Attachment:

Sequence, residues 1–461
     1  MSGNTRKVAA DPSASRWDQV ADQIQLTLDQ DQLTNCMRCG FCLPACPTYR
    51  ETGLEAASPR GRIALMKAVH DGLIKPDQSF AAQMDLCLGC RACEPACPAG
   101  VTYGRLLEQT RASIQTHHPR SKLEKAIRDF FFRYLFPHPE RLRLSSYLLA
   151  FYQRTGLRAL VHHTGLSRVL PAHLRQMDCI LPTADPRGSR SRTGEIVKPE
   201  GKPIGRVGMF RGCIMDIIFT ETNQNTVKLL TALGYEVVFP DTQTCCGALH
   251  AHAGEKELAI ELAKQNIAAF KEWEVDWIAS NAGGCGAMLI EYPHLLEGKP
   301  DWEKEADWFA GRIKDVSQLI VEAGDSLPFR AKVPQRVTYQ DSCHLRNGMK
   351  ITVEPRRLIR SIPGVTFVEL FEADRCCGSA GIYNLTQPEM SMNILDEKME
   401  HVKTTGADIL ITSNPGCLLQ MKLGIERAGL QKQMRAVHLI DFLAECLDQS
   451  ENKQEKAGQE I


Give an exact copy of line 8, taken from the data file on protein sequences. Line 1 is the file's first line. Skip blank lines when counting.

   301  DWEKEADWFA GRIKDVSQLI VEAGDSLPFR AKVPQRVTYQ DSCHLRNGMK